Associations between significant head injury and persisting disability and violent crime in women in prison in Scotland, UK: a cross-sectional study

Elsevier, The Lancet Psychiatry, Volume 8, June 2021
McMillan T.M., Aslam H., Crowe E., Seddon E., Barry S.J.E.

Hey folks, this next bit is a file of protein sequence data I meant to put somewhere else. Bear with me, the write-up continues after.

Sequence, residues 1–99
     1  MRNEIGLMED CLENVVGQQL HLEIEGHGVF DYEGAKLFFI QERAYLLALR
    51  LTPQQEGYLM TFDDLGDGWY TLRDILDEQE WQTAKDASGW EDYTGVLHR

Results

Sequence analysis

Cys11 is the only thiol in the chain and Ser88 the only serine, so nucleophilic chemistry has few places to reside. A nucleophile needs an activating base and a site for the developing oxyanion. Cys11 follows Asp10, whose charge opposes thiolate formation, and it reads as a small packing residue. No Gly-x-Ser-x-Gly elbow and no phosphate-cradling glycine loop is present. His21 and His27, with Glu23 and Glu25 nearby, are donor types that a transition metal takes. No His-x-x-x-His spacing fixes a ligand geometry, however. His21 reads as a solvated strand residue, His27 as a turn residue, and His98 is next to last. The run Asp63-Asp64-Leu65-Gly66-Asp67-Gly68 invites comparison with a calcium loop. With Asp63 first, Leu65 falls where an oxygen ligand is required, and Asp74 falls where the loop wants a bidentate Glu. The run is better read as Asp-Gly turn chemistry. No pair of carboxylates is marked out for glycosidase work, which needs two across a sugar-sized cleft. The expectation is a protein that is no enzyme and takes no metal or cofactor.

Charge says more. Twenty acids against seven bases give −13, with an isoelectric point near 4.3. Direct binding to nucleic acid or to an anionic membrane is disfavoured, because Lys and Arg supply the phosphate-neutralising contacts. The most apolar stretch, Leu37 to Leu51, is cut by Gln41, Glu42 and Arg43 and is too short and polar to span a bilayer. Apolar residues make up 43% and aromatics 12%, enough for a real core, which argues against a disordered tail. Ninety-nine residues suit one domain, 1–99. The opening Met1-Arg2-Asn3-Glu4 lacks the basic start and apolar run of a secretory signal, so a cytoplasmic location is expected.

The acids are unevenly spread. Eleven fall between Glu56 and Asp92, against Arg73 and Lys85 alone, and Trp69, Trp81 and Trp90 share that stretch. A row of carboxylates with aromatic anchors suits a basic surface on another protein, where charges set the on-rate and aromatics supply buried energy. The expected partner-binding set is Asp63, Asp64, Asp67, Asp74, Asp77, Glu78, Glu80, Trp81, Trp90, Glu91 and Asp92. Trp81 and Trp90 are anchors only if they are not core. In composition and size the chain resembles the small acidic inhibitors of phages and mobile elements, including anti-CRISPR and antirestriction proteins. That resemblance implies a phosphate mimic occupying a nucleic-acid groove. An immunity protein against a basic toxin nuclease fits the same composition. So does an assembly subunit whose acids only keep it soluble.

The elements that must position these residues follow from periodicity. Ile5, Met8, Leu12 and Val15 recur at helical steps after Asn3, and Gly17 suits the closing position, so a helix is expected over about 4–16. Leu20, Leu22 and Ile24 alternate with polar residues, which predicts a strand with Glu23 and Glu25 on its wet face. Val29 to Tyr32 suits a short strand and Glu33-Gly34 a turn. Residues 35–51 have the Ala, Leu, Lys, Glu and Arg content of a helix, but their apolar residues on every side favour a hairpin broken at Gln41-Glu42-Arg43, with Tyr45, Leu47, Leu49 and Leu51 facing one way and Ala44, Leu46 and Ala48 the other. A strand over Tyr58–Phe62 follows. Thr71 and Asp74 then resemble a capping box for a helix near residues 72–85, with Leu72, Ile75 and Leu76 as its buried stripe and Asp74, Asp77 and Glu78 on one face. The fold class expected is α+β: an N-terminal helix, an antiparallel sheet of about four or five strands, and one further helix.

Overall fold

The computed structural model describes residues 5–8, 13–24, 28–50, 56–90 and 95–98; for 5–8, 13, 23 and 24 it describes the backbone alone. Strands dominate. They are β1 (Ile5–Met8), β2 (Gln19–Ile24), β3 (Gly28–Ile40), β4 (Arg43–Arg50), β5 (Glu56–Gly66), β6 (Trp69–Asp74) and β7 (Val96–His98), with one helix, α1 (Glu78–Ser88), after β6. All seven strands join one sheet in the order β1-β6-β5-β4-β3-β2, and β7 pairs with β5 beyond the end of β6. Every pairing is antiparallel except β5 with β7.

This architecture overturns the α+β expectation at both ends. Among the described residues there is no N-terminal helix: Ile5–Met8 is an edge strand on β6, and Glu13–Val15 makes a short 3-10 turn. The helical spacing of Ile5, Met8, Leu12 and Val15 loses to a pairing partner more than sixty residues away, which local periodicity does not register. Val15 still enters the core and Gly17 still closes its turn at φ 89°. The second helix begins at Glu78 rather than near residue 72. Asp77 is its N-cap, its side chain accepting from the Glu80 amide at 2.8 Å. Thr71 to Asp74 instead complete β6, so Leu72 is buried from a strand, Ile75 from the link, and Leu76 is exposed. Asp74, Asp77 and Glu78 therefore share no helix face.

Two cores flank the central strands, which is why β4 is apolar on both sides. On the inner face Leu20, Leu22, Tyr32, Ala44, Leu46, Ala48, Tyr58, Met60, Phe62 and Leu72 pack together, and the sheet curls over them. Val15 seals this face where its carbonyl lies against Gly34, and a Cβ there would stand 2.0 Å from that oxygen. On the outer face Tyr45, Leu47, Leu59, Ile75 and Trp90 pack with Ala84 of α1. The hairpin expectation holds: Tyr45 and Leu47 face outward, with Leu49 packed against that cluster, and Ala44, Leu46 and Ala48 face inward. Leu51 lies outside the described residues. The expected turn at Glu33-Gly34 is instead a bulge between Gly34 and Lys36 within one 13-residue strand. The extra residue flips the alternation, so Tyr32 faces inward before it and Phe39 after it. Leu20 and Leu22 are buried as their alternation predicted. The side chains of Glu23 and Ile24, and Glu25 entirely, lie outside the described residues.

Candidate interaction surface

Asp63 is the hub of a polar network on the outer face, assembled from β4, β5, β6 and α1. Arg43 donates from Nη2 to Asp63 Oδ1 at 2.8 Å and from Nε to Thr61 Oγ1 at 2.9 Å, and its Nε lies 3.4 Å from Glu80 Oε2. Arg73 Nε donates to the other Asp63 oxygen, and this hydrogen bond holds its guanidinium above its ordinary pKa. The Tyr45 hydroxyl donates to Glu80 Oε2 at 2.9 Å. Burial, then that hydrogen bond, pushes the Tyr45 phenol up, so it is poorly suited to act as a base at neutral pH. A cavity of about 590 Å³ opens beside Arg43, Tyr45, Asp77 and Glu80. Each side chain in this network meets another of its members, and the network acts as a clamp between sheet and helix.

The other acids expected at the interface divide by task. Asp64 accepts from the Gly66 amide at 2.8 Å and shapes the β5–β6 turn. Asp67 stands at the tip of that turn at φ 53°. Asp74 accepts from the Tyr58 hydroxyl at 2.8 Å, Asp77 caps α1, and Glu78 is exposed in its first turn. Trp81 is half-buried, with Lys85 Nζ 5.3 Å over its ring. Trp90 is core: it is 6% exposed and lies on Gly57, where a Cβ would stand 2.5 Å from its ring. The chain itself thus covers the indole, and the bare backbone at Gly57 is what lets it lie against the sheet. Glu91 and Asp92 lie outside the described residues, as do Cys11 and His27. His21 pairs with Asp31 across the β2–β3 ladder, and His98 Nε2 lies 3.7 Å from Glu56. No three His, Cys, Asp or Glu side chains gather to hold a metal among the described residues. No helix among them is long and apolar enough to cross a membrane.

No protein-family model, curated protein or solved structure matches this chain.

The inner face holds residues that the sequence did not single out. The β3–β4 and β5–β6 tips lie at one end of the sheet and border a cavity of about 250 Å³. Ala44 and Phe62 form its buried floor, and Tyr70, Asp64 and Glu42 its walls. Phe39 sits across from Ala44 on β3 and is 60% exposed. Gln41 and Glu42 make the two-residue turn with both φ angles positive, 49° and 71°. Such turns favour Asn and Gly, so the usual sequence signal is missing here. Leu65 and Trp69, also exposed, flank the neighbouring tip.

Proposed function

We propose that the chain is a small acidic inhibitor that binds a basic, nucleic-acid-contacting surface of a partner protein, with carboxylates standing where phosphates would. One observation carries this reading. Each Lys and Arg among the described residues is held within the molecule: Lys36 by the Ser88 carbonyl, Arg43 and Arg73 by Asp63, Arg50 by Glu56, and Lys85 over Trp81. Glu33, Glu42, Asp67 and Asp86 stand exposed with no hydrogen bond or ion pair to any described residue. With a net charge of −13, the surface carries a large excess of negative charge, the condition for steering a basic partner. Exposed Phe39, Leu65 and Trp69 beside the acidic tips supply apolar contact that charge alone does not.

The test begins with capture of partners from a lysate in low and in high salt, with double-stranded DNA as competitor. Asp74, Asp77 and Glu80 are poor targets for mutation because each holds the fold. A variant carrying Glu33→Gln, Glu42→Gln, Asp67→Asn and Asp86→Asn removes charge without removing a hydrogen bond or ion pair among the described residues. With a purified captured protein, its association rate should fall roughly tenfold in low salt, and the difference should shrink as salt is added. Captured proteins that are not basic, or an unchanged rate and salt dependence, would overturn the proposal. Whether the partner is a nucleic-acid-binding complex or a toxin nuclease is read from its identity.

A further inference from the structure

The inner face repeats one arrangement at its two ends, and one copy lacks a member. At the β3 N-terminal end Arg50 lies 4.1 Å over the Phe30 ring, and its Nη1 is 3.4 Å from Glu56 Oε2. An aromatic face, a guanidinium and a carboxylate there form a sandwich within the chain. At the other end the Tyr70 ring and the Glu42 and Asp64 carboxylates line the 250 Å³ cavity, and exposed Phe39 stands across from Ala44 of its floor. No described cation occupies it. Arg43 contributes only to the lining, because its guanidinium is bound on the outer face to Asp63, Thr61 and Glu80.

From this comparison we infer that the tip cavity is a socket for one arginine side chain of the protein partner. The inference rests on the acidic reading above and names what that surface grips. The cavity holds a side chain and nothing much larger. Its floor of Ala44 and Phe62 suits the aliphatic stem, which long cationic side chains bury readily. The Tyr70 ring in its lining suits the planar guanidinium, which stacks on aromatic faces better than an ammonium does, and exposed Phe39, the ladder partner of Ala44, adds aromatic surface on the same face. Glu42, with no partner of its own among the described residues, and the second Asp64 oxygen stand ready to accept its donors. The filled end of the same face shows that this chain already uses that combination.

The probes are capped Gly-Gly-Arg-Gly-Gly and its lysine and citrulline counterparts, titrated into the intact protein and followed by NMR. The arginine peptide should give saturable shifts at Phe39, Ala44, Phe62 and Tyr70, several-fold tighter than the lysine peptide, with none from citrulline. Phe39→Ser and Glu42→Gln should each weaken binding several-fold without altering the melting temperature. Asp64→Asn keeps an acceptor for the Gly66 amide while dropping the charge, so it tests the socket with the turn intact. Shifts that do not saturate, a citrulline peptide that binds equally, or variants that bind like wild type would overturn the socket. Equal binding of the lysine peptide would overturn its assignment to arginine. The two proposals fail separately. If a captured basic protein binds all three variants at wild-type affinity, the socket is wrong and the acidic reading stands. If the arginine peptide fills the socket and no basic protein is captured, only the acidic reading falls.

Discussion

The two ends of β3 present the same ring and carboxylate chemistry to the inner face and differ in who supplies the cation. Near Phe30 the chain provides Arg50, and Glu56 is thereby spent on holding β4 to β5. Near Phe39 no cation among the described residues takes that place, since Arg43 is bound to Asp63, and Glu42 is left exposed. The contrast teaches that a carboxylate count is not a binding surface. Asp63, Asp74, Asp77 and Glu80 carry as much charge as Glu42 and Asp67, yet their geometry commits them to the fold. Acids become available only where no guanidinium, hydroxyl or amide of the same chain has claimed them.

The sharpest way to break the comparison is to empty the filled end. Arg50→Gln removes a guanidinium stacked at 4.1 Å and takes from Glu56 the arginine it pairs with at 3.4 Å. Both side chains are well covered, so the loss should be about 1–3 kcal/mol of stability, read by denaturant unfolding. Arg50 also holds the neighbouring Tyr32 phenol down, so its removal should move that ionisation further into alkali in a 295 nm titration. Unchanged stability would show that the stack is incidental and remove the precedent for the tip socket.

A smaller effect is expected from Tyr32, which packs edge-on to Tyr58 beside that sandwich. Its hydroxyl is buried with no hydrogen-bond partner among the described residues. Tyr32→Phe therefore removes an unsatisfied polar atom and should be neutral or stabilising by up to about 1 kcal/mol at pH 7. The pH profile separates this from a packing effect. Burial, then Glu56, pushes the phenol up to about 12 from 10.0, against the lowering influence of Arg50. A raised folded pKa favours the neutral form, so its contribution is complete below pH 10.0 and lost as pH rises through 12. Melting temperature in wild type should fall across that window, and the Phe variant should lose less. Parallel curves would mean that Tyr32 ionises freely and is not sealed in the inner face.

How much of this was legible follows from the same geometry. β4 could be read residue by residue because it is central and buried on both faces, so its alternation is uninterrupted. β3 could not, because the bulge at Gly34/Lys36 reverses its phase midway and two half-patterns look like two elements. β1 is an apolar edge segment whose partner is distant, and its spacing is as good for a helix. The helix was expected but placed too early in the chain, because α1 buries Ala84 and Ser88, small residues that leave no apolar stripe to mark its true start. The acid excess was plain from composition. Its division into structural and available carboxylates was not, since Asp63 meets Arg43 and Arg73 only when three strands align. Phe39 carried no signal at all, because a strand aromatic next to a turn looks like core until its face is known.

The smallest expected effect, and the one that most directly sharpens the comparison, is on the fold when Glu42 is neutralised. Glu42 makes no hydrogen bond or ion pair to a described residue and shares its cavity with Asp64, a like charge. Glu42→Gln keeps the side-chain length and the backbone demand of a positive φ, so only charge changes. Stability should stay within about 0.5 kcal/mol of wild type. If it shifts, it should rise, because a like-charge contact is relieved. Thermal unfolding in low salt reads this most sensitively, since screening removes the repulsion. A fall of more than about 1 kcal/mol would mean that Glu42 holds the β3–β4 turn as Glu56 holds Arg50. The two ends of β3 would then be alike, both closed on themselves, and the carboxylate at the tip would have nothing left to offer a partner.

Background: The prevalence of head injury is estimated to be as high as 55% in women in prison and might be a risk factor for violent offending, but evidence is equivocal. The extent of persisting disability is unknown, making decisions about service needs difficult. The UN recognises vulnerabilities in women in prison, but does not include head injury. This study aimed to investigate relationships among head injury, comorbidities, disability, and offending in women in prison. Methods: In this cross-sectional study, women were recruited between Feb 2, 2018, and Sept 30, 2019, from four prisons across Scotland, UK: Her Majesty's Prison (HMP) Cornton Vale, Her Majesty's Young Offenders Institute Polmont, HMP Edinburgh, and HMP Greenock (detaining approximately 355 individuals at the time of recruitment). Women were included if they were aged older than 16 years, fluent in English, able to participate in face-to-face assessment and provide informed consent, and did not have a severe acute disorder of cognition or communication. Head injury, cognition, disability, mental health, and history of abuse and problematic substance use were assessed by interview. History of head injury was assessed with the Ohio State University Traumatic Brain Injury Identification method and disability was assessed with the Glasgow Outcome at Discharge Scale. Comparisons were made between women with and without a history of significant head injury. Findings: We recruited 109 (31%) of the 355 women in these prisons. The sample was demographically representative of the approximately 400 individuals in women's prisons in Scotland. Significant head injury (SHI) was found in 85 (78%) of 109 women, of whom 34 (40%) had associated disability. Repeat head injury was reported in 71 (84%) of the 85 women with SHI and, in most cases, this resulted from domestic abuse that had occurred over many years. Women with a history of SHI were significantly more likely to have a history of violent offences than those without a history of SHI (66 [79%] of 85 women in the SHI group vs 13 [54%] of 24 women in the no-SHI group had committed a violent offence; odds ratio [OR] 3·1, 95% CI 1·2–8·1). This effect remained significant after adjusting for current factors (3·1, 1·1–9·0), including comorbidities associated with post-traumatic stress disorder, and was no longer statistically significant after adjusting for historical factors (3·3, 1·0–10·9), such as abuse as a child or adult. Women with SHI had spent longer in prison than women without SHI after adjustment for current (rate ratio 3·4, 1·3–8·4) or historical (3·5, 1·3–9·2) risk factors. Interpretation: It is recognised that women in prison are vulnerable because of histories of abuse and problematic substance use; however, history of SHI needs to be included when developing criminal justice policy, interventions to reduce mental health morbidity, and assessment and management of risk of violent offending. Funding: The Scottish Government.